In cell A2, we will enter the Instagram username of the profile we want to gather data for. Simply leave this cell blank or enter a profile name you would like to get the data of.

Iconosquare (B1)

For cell B2, we are going to populate the Iconosquare URL needed to pull up the profile you want the data for. Therefore, we will use the following formula:

=IFERROR(CONCATENATE(“http://iconosquare.com/”,[@[Instagram ID]]),””)

What this formula is basically saying is that if it returns an error (IFERROR), then the cell should render blank. If there is no error, then it will merge (CONCATENATE) the URL with the Instagram profile ID. You will notice that I use “IFERROR” on most of the formulas below.

Username (C1)

You will be pulling the username displayed on the webpage for cell C2. To do this, use the following formula:

=IFERROR(XPathOnUrl([@Iconosquare],”//h2[@class=’username’]”),””)

This formula is the first use of “XPathOnURL” which means we are now getting data from the website. It is essentially visiting the URL created in B2 and then looking for the value of the H2 tag with the class “username.”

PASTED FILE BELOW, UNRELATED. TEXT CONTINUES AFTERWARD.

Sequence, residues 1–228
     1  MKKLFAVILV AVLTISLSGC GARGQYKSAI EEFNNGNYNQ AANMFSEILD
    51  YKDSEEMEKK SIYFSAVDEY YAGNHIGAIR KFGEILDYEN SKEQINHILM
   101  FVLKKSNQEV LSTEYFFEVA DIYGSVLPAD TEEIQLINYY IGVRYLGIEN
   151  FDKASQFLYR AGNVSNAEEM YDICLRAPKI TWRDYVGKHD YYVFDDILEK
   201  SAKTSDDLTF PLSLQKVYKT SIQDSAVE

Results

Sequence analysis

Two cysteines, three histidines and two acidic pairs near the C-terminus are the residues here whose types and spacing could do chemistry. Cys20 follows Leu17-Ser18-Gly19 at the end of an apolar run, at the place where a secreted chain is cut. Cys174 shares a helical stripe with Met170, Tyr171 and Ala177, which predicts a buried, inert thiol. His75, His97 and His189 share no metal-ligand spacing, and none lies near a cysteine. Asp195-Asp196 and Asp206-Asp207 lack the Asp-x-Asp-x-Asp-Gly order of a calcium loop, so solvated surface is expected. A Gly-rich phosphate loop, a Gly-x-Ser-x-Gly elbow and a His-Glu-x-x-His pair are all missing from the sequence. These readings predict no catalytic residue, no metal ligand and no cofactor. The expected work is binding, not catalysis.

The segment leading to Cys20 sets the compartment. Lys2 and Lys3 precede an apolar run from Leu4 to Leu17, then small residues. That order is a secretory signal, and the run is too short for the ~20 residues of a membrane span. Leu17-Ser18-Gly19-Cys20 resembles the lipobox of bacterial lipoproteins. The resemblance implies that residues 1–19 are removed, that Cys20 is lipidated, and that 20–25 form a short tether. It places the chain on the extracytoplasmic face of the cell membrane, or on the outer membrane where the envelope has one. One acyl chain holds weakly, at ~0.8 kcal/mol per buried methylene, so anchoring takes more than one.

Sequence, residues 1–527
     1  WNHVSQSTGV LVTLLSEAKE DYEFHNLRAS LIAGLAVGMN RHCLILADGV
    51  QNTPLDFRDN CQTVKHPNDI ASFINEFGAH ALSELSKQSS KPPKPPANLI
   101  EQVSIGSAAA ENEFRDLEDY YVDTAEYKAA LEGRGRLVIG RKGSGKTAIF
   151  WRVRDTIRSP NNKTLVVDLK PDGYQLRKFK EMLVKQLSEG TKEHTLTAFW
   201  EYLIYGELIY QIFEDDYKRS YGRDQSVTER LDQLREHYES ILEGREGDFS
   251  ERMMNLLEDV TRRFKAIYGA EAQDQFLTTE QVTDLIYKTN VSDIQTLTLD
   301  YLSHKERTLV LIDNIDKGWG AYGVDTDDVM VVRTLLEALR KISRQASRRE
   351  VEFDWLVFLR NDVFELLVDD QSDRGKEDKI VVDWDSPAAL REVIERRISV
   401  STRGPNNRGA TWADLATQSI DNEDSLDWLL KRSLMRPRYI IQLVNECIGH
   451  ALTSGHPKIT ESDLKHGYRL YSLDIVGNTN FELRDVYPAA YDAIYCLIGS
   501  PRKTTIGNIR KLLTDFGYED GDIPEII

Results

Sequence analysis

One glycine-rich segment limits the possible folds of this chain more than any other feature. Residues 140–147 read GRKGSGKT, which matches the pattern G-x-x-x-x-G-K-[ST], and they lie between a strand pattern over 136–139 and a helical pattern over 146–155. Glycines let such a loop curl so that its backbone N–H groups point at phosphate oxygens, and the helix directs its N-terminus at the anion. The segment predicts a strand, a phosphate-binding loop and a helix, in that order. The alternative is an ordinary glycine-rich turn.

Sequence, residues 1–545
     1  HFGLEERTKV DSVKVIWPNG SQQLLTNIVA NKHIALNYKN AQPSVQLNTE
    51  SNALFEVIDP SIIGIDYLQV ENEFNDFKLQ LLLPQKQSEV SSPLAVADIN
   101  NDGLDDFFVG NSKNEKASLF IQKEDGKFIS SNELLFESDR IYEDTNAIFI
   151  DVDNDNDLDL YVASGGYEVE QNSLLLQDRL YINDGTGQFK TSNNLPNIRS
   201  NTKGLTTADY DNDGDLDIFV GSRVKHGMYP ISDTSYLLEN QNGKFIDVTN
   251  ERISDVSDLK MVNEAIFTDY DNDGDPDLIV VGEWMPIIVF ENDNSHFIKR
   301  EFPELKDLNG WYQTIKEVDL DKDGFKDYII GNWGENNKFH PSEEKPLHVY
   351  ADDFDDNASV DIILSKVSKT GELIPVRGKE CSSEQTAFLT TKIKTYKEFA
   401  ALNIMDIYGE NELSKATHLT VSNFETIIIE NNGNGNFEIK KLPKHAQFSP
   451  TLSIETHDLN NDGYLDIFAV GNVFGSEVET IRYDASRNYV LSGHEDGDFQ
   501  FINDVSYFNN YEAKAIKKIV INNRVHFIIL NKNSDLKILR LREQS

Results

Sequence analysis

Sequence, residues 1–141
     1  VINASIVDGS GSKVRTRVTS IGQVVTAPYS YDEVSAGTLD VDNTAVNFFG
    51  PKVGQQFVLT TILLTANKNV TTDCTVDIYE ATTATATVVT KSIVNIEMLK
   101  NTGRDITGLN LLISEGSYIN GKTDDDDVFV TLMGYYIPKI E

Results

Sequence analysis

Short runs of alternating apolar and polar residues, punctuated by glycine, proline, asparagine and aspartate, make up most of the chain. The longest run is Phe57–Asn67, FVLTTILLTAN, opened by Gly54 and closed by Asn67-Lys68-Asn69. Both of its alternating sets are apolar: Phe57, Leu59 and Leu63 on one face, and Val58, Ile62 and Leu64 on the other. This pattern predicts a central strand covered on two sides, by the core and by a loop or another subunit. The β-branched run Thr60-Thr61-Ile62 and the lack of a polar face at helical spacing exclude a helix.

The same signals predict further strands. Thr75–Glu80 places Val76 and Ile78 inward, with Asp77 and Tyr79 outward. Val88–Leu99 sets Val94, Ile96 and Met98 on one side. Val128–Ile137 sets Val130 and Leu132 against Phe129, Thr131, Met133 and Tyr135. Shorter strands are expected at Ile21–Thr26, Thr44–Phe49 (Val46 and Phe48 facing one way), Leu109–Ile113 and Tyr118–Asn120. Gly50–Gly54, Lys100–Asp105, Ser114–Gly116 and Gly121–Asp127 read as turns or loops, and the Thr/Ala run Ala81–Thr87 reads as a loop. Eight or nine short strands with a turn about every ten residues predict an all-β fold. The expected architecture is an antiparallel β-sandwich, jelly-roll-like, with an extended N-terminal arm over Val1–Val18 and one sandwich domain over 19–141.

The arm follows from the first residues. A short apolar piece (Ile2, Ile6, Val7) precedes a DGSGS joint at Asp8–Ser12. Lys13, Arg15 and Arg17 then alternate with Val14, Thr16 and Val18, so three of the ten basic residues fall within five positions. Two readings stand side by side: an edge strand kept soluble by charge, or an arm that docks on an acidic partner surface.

Full Name (D1)

Up next you will be creating a formula to bring in the full name that is being displayed on Instagram. In order to do this, use this formula:

=IFERROR(XPathOnUrl([@Iconosquare],”//h1[@class=’fullname’]”),””)

In this formula, it works similarly to the Username formula. The only difference is that we are looking for the H1 tag with the class of “fullname.”

Bio (E1)

To grab the Instagram user bio data, in cell E2 use this formula:

=IFERROR(XPathOnUrl([@Iconosquare],”//div[@class=’clear bio-user’]”),””)

This formula visits the profile page and looks for the content in the class “clear bio-user” which is where the profile bio information is.

Personal URL (F1)